There's more to Emilia-Romagna than cheap Lambrusco, discovers RICHARD MAYSON
There’s more to Emilia-Romagna than cheap Lambrusco, discovers RICHARD MAYSON
Belting back along the seemingly endless autostrada from the Adriatic to Milan, I was tempted to echo the words of Noel Coward. Very flat the Po! This broad valley set out with neat rows of fruit trees and acres of riotous pergola-trained vines seemed something of a let down after the aesthetic pleasures of Florence, Sienna and Ravenna. This is Lambrusco country, I thought, as I sped past without giving it a second glance.
Just how wrongheaded can you be? It is true that the plains south of the River Po are flat and featureless and that these fertile soils do yield millions of litres of peculiarly fizzy red wine, but there is much more to Emilia-Romagna than Lambrusco. In fact, there can be few regions in the world that have had quite such an influence on global gastronomy. Parmigiano Reggiano (Parmesan), Prosciutto di Parma (Parma Ham), Mortadella, balsamic vinegar and pastas like tortellini, tagliatelle, lasagne and cannelloni are all native to Emilia-Romagna but have spread world-wide. Add ragù (or Bolognese sauce) to this menu and Emilia-Romagna is the place for a feast.
But what of the wine to go with it? Well, nearly everyone knows that flat, fertile land tends to turn out quantity rather than quality. Take the vast majority of stretched, dilute Lambrusco for example. Emilia-Romagna is the third largest wine producing region in Italy and churns out more wine than Chile. The lion’s share is bubbly Lambrusco, a wine that I soon came to realise evolved as a counterpoint to the local food. Originally these were rustic wines which re-fermented in bottle and were, therefore, unsuitable for export, but they could cut through the richness of a hearty pasta dish smothered in sauce. Nowadays, the fizz is introduced to Lambrusco by the charmat method. Some are made as secco (dry) but most are blended to be medium sweet or amabile in style. There are some seriously good Lambruscos. Deep purple wines like Medici’s Concerto and Bellei’s sappy-spicy Lambrusco di Sorbara are worlds away from the millions of litres of bland, pink wine that have found their way abroad.
There are hills in Emilia-Romagna, rising to mountains on the border with Tuscany. These are often obscured from view by the fogs that linger all day in the valley during the winter and the heat haze in the summer months, but they are the source of the region’s most serious wines. In the west of Emilia are the Colli Piacentini, an area of low, calcareous hills overlooking the city of Piacenza alongside the Po. The best local wine is the enigmatic Gutturnio, a blend of the Barbera and Bonarda grapes. Gutturnio used to be sweet and fizzy, like all things Emilian, but is now still, dry and capable of packing a punch. The Colli Piacentini also produce some of Emilia-Romagna’s most inventive white wines from the Malvasia di Candia grape. If La Tosa’s opulent, almost Viognier-like Malvasi, is anything to go by, these wines deserve a good deal more adulation than Romagna’s lifeless Albana-based wine which was the first white wine in Italy to gain DOCG status in 1987.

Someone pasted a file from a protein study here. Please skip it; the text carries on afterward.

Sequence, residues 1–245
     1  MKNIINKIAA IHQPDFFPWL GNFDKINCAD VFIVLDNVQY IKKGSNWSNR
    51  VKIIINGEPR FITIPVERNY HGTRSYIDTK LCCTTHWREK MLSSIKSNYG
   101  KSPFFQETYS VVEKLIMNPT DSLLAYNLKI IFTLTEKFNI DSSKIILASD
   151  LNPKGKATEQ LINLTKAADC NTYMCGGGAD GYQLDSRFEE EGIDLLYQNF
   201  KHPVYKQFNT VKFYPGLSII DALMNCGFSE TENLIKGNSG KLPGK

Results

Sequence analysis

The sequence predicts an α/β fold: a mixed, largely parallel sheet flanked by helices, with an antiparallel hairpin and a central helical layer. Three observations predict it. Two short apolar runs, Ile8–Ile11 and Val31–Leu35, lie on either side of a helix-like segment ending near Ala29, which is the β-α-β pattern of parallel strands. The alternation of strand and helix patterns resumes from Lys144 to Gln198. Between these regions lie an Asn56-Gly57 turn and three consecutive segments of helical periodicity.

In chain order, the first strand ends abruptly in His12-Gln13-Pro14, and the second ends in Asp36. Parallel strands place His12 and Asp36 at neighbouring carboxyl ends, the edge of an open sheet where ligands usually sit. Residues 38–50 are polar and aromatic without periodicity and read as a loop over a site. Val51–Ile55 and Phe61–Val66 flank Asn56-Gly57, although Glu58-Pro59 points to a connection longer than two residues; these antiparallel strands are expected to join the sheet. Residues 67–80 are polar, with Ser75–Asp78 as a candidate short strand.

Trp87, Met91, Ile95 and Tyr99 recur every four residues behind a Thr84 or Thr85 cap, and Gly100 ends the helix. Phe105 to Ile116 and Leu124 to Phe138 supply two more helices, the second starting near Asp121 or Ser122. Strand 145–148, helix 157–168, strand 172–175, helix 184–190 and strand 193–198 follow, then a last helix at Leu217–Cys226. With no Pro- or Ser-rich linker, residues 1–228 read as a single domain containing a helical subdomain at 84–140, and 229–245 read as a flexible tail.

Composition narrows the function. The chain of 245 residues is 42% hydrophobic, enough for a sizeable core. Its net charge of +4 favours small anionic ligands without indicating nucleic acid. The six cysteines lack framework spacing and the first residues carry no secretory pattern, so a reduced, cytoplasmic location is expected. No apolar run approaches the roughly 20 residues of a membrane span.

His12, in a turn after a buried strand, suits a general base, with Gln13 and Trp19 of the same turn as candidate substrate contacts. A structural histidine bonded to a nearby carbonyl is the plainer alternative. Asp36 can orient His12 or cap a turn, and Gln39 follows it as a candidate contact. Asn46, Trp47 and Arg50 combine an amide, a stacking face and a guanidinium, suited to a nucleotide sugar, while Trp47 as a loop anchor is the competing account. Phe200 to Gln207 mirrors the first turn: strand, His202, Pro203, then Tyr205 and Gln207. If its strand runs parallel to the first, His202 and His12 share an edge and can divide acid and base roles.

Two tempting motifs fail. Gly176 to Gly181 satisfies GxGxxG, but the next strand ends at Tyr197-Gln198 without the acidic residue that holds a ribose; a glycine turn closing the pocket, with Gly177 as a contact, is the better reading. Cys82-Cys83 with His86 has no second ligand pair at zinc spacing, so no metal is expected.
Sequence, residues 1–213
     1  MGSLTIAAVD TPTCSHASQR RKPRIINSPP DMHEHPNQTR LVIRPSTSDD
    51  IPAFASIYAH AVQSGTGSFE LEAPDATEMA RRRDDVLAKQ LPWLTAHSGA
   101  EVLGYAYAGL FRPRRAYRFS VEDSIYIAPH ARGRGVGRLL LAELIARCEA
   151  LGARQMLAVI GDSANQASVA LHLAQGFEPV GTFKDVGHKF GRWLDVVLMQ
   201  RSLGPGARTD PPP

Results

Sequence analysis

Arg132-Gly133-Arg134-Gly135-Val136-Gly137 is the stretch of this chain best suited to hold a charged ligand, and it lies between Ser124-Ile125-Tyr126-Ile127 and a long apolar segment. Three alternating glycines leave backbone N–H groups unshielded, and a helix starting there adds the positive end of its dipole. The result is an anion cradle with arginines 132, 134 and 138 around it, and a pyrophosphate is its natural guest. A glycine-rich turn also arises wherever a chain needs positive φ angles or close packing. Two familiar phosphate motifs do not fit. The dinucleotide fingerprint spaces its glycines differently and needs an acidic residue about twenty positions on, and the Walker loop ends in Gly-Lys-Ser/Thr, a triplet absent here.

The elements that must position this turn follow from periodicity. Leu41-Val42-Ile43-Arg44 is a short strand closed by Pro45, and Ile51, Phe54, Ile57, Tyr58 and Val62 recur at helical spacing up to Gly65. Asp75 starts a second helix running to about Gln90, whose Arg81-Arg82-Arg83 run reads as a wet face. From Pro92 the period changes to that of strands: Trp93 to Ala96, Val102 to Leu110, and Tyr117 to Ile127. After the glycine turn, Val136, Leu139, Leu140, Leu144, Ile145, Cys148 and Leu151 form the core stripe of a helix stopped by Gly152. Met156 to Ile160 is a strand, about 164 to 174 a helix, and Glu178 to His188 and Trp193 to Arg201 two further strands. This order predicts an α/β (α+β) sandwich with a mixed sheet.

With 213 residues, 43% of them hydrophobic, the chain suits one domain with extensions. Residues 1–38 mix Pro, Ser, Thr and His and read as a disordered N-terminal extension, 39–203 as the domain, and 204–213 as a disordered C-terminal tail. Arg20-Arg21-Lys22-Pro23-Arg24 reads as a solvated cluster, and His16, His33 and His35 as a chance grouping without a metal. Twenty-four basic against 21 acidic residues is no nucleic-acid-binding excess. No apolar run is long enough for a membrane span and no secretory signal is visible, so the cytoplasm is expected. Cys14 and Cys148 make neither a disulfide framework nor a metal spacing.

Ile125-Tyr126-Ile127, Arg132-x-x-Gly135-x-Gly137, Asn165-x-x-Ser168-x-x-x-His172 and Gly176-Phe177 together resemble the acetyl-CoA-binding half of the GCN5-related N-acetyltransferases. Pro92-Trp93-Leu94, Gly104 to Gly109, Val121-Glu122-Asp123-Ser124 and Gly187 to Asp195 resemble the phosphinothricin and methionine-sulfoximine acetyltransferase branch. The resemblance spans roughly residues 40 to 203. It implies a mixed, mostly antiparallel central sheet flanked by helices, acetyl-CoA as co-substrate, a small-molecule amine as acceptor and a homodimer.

In the centre of the region, the Colli Bolognesi traditionally supplied wine in demi-johns to the city of Bologna at the foot of the hills. Enrico Vallania began the slow march of progress towards premium red wines in the 1960s by planting Cabernet Sauvignon and Merlot in the reddish, calcareous clay soils which he christened terre rosse. Unlike wines with a shorter pedigree such as the dark, herbal Bonzarone Cabernet, Vallania eschewed the use of oak, producing wines pure in fruit. Nonetheless, a 1989 Cabernet Sauvignon, cellared by the remarkable Ristorante San Domenico in Imola, had a wonderful cedar and leather quality from ageing in bottle. At the Tizzano estate near Bologna, demi-johns still account for two thirds of sales but the property is gradually shifting towards varietal bottled wines. Pignoletto, Riesling Italico, Pinot Bianco, Barbera and Cabernet Sauvignon are the varieties that make up the Tizzano range to date.
To an outsider, the boundary between Emilia and Romagna, just east of Bologna is no more than a line in the sand, but their peoples still insist on pointing out the divergence. To the Romagnoli, the fundamental difference between Emilia and Romagna is that if you ask for a drink in Emilia you get water, in Romagna you get wine! There is certainly good wine in the hills that stretch eastwards to the Adriatic above the towns of Imola, Faenza and Forli. The leading producer is the energetic Umberto Cesari who bottles a wide range of wines at Castel San Pietro in the Romagna hills. He and his wife started out by buying 20 hectares (ha) of land back in 1965 and Cesari has built his company into one of the largest in the area. Now with 90ha, the company is at the cutting edge of developments in the region, focusing on improvements in the vineyard, as well as the winery. Vine density has increased from about 1,000 to 6,000 plants per hectare and yields have fallen to 2.5kg per vine. Like many other quality producers in the region, Cesari is abandoning the neutral white Albana grape in favour of Chardonnay, Cabernet Sauvignon and Sangiovese, the latter being the subject of a programme of clonal selection. These improvements show through in Cesari’s premium wines, like the barrel-fermented Laurento Chardonnay, Ca’ Granda Sangiovese and Liano, all of which reflect distinct terroirs 200–300m above the plain.